The Boxcar Children, Part II: The Road
|Daniel Lavery||Aug 17, 2017|
In case you missed it: The Boxcar Children, Part I.
Not a soul passed them on the country road. All the houses they saw were dark and still. And when the first faint streaks of morning light showed in the sky, all four children were almost staggering with sleep.
“I’ve got to rest, Henry,” murmured Jessie at last. Little Benny was still asleep, and she had been carrying him since midnight.
“The next place we come to, then,” said Henry. “Just a little while longer.”
Jessie blinked very hard and shook her head. “All right,” she said.
“Jessie,” Violet said, “why don’t you hand Benny off to that horrible double of yours that appears every night and follows us wherever we go?”
The horrible double of Jessie’s that appeared every night and followed them wherever they went slowed down considerably at that remark, and stepped just off the path towards the treeline.
“Now look what you’ve done, Violet,” Jessie said, shifting Benny’s head from her right shoulder to her left. “You’ve made it self-conscious.” Both Jessie and Henry were too polite to ever acknowledge her horrible double that appeared every night and followed them wherever they went, but Violet was still learning how to mind her manners.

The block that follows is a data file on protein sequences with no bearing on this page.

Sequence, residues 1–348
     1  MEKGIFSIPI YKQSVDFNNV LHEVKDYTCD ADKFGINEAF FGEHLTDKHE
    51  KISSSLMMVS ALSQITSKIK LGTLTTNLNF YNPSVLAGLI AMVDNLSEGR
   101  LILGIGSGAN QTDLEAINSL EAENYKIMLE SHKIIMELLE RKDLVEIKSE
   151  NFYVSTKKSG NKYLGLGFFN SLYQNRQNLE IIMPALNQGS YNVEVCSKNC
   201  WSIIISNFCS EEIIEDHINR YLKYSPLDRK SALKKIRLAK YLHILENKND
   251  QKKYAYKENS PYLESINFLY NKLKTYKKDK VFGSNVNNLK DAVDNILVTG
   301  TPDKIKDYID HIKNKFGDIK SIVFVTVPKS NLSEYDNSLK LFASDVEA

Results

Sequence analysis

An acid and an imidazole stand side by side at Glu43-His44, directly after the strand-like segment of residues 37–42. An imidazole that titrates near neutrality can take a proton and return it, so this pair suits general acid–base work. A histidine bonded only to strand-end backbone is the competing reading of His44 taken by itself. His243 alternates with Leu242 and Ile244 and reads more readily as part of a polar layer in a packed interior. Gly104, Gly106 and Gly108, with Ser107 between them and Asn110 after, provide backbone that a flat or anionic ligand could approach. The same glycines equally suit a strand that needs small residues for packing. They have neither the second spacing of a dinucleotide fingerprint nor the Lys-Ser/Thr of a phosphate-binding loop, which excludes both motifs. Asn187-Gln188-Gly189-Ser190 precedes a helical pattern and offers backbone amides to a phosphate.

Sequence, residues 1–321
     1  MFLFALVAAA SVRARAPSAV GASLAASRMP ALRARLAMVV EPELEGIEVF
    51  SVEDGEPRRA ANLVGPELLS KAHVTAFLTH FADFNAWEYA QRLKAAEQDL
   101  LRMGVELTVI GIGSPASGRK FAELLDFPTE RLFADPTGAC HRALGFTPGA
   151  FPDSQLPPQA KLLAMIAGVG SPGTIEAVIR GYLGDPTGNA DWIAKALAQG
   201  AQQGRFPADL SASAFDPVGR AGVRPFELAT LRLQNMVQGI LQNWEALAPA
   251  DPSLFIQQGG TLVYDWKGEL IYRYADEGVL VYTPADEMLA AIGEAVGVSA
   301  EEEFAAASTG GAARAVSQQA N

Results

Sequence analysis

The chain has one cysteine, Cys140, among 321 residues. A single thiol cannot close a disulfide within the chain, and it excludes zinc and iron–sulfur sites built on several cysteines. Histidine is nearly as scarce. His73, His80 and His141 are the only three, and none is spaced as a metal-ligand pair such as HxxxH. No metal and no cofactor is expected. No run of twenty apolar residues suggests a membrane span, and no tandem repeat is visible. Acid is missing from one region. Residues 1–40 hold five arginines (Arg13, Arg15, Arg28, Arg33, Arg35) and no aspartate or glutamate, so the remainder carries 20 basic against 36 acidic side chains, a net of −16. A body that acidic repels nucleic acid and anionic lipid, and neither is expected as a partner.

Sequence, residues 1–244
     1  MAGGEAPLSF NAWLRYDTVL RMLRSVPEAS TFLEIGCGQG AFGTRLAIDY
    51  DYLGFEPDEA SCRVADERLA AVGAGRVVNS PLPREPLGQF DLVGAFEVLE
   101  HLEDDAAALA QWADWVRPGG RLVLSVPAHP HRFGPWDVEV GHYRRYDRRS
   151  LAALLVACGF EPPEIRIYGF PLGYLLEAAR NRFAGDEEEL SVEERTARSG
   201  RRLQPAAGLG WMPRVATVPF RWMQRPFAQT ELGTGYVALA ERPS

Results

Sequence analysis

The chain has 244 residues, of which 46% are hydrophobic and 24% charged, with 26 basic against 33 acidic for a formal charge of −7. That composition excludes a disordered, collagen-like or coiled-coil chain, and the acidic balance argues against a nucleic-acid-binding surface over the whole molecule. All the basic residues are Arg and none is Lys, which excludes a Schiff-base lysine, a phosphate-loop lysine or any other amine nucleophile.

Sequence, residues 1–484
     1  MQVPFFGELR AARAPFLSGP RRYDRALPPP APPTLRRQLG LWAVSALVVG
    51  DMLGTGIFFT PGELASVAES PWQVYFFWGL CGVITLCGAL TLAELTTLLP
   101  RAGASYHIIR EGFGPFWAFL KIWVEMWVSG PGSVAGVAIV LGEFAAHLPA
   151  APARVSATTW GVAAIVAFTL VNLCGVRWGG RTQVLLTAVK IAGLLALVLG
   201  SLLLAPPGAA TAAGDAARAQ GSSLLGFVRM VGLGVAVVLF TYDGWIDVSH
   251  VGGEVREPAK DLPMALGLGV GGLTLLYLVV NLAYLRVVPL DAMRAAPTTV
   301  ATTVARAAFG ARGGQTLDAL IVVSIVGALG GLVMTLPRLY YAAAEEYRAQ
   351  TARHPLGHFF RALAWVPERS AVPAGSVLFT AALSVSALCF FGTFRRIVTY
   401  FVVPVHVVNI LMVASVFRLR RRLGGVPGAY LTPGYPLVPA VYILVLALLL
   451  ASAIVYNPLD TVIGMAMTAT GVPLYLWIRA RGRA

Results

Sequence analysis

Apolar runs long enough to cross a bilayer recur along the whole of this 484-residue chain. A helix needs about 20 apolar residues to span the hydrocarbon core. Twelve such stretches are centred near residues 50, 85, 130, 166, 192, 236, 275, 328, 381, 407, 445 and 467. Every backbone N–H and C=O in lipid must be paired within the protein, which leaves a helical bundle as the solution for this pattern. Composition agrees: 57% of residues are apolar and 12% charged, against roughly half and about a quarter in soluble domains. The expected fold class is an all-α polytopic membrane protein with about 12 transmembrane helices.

“I’m sorry,” whispered Violet. “Ought I to apologize to it, or –”
“No,” Jessie and Henry whispered in chorus.
“Quick, let’s talk about something else,” Jessie said. Out of the corner of her eye she could see her horrible double (which appeared every night and followed them wherever they went) wringing its hands in anguish and casting its head fiercely from side to side.
Henry pointed across a freshly-mown field that lay a quarter mile down the road. “Wouldn’t that haystack do?” he asked. “To sleep in, I mean?”
Jessie’s horrible double sniffed audibly, then froze.
“Why, yes, I think it would, Henry,” Jessie said, a trifle too loudly. “What a big, fine haystack it is, too! And far enough away from the house and barn that the farmer isn’t likely to see us.” (They hated farmers.)
While she was speaking, Jessie’s horrible double slowly crept back onto the road until it was standing just behind her again in the usual way – bowed forward just the slightest bit at the waist, head cocked upward, hands outstretched, eyes closed. Jessie exhaled carefully and shot a tight, grateful smile at Henry.
The sight of the haystack gave everyone fresh strength. Even Benny seemed to grow lighter in Jessie’s arms. They got across a brook somehow, despite Violet’s repeated protestations that she couldn’t cross running water (“That’s witches, Vi,” Henry said, and Violet had wailed, “But what if this is how we find out I’m witches?”) There was a long, low greystone wall that shook itself awake when Henry threw his leg over it. The wall gave a little shiver and started to wrap around his foot It made a horrid little dragging sound against the dirt.